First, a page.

ERIC Number: ED450420
Record Type: RIE
Publication Date: 2001
Literature and the Young Child, Part One: Ages 3-5. Overview/Developing a Sense of Phonics and Story Structure.
Stern, Lois W.
The years when a young child's language skills are "exploding" are the years between three and five. What can make a dramatic difference in a child's life is if parents take a few minutes a day to read to him or her. Reading to a child helps him or her become a successful reader. The child develops a sense of phonics and learns that stories have a certain structure, besides learning vocabulary and memory skills and other things. This paper, one of four on literature and the young child, addresses phonics and story structure. The paper tells how a child develops a sense of phonics through rhythm and rhyme, how he or she learns that stories have a certain structure--a beginning, a middle, and an end--and that certain stories have unique patterns. An 11-item annotated bibliography (No. 1) recommends books with rhythm, rhyme and/or repetition; and another 13-item annotated bibliography (No. 2) recommends books of simple folktales, cumulative tales, and circle stories. (NKA)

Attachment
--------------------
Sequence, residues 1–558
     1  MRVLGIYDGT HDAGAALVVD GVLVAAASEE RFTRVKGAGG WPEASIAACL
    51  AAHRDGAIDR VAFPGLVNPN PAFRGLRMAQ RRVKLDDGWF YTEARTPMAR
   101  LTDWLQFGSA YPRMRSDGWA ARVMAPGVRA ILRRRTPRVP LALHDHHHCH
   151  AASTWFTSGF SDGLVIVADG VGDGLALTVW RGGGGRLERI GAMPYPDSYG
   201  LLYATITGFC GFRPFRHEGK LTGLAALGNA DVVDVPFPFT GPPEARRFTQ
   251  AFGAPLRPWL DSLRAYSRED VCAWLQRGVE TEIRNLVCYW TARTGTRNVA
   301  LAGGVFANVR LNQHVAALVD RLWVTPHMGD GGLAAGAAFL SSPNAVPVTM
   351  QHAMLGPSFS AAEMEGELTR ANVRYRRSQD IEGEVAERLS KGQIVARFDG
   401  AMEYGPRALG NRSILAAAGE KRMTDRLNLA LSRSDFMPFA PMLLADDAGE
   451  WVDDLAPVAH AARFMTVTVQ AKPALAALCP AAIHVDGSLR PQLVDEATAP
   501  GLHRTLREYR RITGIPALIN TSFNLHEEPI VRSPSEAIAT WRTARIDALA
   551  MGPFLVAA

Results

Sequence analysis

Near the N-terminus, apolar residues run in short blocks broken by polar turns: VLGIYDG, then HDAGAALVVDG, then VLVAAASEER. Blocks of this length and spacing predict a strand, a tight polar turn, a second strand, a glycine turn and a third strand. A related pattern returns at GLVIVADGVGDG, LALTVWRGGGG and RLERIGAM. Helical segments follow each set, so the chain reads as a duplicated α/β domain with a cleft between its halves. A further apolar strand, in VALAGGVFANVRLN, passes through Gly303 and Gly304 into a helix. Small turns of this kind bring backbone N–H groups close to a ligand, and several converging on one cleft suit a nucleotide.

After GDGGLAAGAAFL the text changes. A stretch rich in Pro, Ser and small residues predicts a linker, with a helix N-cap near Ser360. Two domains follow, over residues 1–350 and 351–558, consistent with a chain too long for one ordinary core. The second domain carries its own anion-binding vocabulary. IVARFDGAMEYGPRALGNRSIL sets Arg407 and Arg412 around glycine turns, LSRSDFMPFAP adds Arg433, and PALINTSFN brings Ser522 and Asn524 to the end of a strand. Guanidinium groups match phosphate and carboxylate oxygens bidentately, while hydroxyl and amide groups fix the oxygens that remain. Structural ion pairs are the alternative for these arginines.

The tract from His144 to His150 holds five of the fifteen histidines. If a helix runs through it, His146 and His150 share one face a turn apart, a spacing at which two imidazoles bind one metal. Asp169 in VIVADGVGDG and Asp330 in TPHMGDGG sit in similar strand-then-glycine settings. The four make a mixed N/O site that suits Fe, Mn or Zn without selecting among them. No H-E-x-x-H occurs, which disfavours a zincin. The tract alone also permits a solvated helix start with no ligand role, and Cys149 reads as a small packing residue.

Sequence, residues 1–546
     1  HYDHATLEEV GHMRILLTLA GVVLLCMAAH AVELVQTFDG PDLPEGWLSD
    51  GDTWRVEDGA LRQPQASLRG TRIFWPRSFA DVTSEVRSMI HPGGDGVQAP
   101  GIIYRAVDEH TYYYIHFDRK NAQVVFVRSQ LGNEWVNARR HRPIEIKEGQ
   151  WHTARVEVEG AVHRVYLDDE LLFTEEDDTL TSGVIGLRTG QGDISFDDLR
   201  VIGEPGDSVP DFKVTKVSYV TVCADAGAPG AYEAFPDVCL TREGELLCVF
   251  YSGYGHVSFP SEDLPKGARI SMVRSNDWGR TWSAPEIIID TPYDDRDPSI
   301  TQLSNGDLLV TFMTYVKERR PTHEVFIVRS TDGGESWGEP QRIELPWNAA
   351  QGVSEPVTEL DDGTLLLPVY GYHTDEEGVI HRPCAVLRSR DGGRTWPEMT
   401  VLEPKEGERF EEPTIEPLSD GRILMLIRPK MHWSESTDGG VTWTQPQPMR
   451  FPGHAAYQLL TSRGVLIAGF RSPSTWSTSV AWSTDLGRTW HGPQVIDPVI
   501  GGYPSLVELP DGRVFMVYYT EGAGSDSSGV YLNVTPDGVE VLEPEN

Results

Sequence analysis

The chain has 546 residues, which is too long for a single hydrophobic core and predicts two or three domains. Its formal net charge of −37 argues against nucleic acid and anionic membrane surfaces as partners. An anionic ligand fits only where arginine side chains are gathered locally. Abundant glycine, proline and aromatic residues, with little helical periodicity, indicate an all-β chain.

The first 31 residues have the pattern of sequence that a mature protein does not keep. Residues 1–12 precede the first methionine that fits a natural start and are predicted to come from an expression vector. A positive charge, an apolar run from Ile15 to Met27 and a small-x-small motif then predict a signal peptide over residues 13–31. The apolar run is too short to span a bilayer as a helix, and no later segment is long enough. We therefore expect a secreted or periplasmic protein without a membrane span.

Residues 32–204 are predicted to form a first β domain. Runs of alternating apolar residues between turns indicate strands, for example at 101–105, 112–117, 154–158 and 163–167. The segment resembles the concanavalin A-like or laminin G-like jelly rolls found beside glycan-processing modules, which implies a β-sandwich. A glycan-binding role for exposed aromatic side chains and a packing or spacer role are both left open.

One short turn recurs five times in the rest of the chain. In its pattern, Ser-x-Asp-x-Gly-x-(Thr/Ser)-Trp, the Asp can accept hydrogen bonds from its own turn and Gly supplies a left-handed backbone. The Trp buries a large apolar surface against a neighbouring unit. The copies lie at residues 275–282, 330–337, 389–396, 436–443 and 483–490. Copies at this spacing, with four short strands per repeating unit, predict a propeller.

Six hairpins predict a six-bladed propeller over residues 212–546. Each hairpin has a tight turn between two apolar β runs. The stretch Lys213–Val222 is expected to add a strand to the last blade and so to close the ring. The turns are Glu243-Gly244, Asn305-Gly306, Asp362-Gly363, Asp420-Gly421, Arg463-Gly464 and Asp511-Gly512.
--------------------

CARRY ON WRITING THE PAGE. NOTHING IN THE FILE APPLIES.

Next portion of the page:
Descriptors: Annotated Bibliographies, Child Development, Childrens Literature, Language Skills, Parent Participation, Phonics, Preschool Children, Reader Response, Reading Aloud to Others, Story Grammar
For full text: http://www.kidstories.com/article1.html.
Publication Type: Opinion Papers; Reference Materials - Bibliographies
Education Level: N/A
Authoring Institution: N/A
Note: For Literature and the Young Child, Parts 2-4, See CS 217 472-474.